Plasticizers suitable for incorporation in the emulsions used according to the present invention are e.g. glycol, glycerine, or the latexes of neutral film forming polymers including polyvinylacetate, acrylates and methacrylates of lower alkanols e.g. polyethyl-acrylate and polybutylmethacrylate.

Suitable UV-absorbers are i.a. aryl-substituted benzotriazole compounds as described in U.S. Pat. No. 3,533,794, 4-thiazolidone compounds as described in U.S. Pat. No. 3,314,794 and 3,352,681, benzophenone compounds as described in JP-B 80/012586, cinnamic ester compounds as described in U.S. Pat. No. 3,705,805 and 3,707,375, butadiene compounds as described in U.S. Pat. No. 4,045,229, and benzoxazole compounds as described in U.S. Pat. No. 3,700,455.

In general, the average particle size of spacing agents is comprised between 0.2 μm and 10 μm. Spacing agents can be soluble or insoluble in alkali. Alkali-insoluble spacing agents usually remain permanently in the photographic element, whereas alkali-soluble spacing agents usually are removed therefrom in an alkaline processing bath. Suitable spacing agents can be made i.a. of polymethyl methacrylate, of copolymers of acrylic acid and methyl methacrylate, and of hydroxypropylmethyl-cellulose hexahydrophthalate. Other suitable spacing agents have been described in U.S. Pat. No. 4,614,708.

The emulsion layers of the photographic element according to the present invention are forming a multilayer package. At least two emulsion layers coated adjacent to each other are present, the presence of just two adjacent emulsion layers however being preferred.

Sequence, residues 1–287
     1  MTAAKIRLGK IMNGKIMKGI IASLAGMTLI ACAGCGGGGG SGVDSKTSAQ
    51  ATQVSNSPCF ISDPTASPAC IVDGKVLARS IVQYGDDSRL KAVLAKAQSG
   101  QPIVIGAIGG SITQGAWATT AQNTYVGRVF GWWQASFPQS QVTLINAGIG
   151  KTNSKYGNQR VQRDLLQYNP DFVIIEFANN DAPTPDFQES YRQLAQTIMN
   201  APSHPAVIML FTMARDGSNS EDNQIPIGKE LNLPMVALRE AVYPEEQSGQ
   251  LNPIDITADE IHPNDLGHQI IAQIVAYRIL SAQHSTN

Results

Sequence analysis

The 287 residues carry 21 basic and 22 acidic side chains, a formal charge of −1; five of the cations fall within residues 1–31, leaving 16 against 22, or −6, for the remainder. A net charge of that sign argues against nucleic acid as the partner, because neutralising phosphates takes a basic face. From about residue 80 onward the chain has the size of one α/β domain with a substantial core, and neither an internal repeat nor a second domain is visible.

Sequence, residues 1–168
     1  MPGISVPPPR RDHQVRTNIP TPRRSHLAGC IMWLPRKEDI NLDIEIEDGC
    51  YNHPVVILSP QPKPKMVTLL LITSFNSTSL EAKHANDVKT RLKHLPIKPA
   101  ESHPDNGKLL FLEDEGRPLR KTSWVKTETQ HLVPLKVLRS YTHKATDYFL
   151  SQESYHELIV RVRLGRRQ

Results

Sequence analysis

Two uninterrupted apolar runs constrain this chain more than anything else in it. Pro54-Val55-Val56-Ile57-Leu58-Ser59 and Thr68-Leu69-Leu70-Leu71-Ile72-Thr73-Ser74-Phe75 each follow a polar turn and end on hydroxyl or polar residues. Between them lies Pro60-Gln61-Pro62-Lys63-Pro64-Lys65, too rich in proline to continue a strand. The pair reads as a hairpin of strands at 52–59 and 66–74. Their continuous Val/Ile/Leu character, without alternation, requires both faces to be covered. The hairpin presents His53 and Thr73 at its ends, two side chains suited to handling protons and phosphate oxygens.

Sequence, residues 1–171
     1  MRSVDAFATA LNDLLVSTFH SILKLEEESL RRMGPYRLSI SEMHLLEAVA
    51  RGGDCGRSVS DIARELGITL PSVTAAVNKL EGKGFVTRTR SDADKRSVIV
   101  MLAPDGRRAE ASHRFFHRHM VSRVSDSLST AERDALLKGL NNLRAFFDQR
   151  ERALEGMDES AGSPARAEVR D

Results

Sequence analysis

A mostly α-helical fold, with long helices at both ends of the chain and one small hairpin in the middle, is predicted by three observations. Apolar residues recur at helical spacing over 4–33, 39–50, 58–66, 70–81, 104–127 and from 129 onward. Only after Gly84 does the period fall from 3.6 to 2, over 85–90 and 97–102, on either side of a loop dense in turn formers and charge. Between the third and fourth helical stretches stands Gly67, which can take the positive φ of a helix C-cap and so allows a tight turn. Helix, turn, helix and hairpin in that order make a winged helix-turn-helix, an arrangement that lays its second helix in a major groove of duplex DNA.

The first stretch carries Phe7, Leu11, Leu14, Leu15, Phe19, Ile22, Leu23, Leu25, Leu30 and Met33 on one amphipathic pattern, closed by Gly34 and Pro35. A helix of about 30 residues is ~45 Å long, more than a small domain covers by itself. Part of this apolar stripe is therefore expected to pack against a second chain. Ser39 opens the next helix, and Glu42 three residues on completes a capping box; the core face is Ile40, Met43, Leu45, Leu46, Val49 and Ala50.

The multilayer material according to this invention may further comprise, in at least one of the two adjacent layers, a mixture of light-sensitive emulsions, having the crystal habit as set forth according to this invention. In a preferred embodiment the number of light-sensitive emulsions used in each emulsion layer in the light-sensitive silver halide photographic material according to this invention is kept to a minimum in order to make the manufacturing thereof simple and reproducible, further offering the possibility to obtain an extended latitude and an undisturbed, straight sensitometric curve. Differences in average grain size and halide composition of the crystals mixed in one layer or in adjacent layers may also be present but for reasons of reproducibility and consistency during manufacturing it is preferred to prepare only one emulsion, to divide said emulsion in different parts, to apply a different spectral and/or chemical ripening and mixing them together. Besides the light-sensitive emulsion layers the photographic material according to this invention contains several non-light-sensitive layers. Adjacent to the emulsion layer situated farthest from the support a protective layer is present, which is the topcoat layer if no afterlayer is present. Said topcoat layer may further be duplitized. For such complicated multilayer arrangements, it is recommended, from an economic point of view, to coat these layers simultaneously by means of the slide-hopper or slide-hopper curtain coating technique.

Said protective layer(s) and afterlayer may comprise various additives like surfactants, matting agents, lubricants, thickening agents, bactericides, antistatic agents, etc. To the protective topcoat layer(s) one or more hardening agents may be added, preferably just before coating said layer(s). The same hardeners can be used as summarized hereinbefore. Further one or more non-spectrally sensitising dyes can be added thereto, preferably during coating, in order to controll the sensitivity of the coated material.